Australian swimmers face sanction over sleeping pills

Former world swimming champions James Magnussen and Eamon Sullivan, and their 4x100-metre relay teammates, face possible sanctions including a loss of funding from the Australian Olympic Committee after admitting taking the sleeping medication Stilnox during a “bonding session” ahead of last year’s London Games.

By (AP)

Published: Sun 24 Feb 2013, 1:00 AM

Last updated: Sat 4 Apr 2015, 12:04 PM

Magnussen, Sullivan, Tommaso D’Orsogna, Cameron McEvoy, James Roberts and Matthew Targett fronted a media conference on Friday with Swimming Australia president Barclay Nettlefold, and released a joint statement admitting they took Stilnox and engaged in disruptive behaviour including making prank calls during the Australian team’s pre-games camp in Manchester.

Roberts later said he did not take Stilnox, while Sullivan said the remaining members of the relay team took one tablet each.

“In hindsight it was a ridiculous choice and ridiculous method ... but I don’t feel it affected my performance,” Magnussen said. The medication is not a banned substance, but the AOC prohibited Australian athletes from using it ahead of the London Olympics after former swimmer Grant Hackett revealed he became dependent on sleeping pills during his career. Sullivan said the Stilnox was obtained with a doctor’s prescription in Australia before the AOC ban.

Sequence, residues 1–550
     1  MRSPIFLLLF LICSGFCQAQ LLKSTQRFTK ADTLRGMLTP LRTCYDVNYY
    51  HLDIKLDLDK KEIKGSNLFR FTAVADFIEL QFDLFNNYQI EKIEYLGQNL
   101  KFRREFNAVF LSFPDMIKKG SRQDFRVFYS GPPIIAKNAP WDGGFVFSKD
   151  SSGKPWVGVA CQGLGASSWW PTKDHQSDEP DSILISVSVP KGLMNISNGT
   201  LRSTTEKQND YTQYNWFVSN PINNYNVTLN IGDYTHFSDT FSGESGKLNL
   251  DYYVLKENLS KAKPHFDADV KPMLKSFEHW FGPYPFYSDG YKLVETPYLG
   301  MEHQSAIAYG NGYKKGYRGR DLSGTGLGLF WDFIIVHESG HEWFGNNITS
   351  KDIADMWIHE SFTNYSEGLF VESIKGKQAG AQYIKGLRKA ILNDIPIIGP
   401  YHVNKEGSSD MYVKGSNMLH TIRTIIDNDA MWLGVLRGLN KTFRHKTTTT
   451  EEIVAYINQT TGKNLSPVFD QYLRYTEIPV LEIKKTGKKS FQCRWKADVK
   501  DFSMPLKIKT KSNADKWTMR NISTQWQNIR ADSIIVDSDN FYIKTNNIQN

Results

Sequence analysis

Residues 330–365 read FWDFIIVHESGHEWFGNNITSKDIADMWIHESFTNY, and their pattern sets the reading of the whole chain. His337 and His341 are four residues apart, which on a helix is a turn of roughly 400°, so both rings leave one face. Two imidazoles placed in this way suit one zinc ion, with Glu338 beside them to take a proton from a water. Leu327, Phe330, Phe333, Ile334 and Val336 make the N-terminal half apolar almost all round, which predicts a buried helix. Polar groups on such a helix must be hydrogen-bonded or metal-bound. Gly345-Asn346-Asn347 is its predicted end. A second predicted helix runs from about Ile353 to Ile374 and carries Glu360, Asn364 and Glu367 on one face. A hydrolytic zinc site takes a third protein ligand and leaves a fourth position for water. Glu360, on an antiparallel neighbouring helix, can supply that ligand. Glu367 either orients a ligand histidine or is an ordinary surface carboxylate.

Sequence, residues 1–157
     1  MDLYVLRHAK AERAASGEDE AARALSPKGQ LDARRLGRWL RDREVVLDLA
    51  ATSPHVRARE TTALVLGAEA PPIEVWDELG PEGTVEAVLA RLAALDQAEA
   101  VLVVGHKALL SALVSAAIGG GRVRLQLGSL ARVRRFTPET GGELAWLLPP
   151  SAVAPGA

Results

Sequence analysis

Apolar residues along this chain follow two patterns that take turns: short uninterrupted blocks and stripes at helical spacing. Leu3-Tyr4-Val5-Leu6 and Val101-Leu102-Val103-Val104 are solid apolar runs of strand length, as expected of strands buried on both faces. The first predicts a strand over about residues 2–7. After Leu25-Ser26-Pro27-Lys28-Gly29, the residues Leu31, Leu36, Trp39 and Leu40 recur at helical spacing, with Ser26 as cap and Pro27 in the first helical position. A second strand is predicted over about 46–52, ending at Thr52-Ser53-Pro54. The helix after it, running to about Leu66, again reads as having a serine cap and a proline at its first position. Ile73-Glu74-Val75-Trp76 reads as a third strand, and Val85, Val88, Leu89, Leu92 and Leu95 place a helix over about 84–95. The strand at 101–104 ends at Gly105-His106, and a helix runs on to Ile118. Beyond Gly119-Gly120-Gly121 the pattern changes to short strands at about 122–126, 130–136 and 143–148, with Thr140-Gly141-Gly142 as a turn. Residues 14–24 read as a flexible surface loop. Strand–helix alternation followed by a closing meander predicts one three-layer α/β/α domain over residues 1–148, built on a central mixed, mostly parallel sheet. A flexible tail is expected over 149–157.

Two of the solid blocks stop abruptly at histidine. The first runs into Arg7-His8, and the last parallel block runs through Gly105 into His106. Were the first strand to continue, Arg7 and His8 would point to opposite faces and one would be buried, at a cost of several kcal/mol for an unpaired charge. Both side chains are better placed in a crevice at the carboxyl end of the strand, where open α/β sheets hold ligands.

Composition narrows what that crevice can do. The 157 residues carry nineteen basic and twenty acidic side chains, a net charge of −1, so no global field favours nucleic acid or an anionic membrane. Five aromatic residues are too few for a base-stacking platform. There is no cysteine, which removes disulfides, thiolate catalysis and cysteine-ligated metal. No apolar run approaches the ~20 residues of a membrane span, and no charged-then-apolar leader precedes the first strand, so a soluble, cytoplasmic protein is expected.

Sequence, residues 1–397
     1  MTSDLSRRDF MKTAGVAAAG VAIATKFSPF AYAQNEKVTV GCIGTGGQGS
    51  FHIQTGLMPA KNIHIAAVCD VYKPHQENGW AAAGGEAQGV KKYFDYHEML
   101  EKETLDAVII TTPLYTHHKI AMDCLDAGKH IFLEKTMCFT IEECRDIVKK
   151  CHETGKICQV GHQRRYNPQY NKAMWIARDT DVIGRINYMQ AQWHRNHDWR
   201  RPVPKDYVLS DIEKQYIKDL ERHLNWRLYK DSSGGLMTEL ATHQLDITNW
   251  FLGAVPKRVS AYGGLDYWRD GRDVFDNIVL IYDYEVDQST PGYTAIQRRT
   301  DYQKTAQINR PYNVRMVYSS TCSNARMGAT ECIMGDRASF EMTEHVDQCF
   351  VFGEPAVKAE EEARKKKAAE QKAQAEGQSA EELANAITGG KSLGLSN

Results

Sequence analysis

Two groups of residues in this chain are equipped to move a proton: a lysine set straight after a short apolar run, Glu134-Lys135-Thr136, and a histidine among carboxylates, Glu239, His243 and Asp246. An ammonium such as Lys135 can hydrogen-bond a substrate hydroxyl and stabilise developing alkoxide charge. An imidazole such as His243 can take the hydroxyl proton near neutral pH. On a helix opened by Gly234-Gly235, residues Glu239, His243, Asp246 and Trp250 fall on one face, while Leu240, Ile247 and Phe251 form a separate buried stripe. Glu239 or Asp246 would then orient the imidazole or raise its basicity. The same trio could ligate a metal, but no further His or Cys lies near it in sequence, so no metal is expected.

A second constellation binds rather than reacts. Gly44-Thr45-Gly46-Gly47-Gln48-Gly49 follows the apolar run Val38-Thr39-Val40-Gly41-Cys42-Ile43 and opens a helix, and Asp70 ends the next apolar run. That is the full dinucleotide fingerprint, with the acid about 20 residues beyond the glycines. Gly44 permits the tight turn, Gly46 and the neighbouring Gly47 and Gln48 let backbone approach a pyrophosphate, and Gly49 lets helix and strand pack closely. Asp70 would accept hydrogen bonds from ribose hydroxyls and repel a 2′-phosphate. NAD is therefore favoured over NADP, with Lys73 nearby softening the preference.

AOC secretary general Craig Phillips said possible sanctions against the swimmers could include a withdrawal of their funding in the lead up to the 2016 Rio Olympics. The AOC could also ask for money paid under its medal incentive scheme to be returned, meaning Magnussen could be forced to pay back $10,000 given to him for winning a silver medal at London.

The swimmers admitted some of them played pranks on other team members such as knocking on doors and making phone calls, but denied entering any rooms. They said they were asleep by 10.30pm that night.

Australian head swimming coach Leigh Nugent was told of the pranks the following morning, but reportedly took no action.

Phillips said the body would await the outcome of Swimming Australia’s newly-formed integrity panel, which will also investigate the swimmers, before deciding on the severity of its punishment.

The swimmers’ admissions came after an independent review into the Australian swimming team’s disappointing performance at London. The review described a “toxic” environment including misuse of prescription drugs and bullying.

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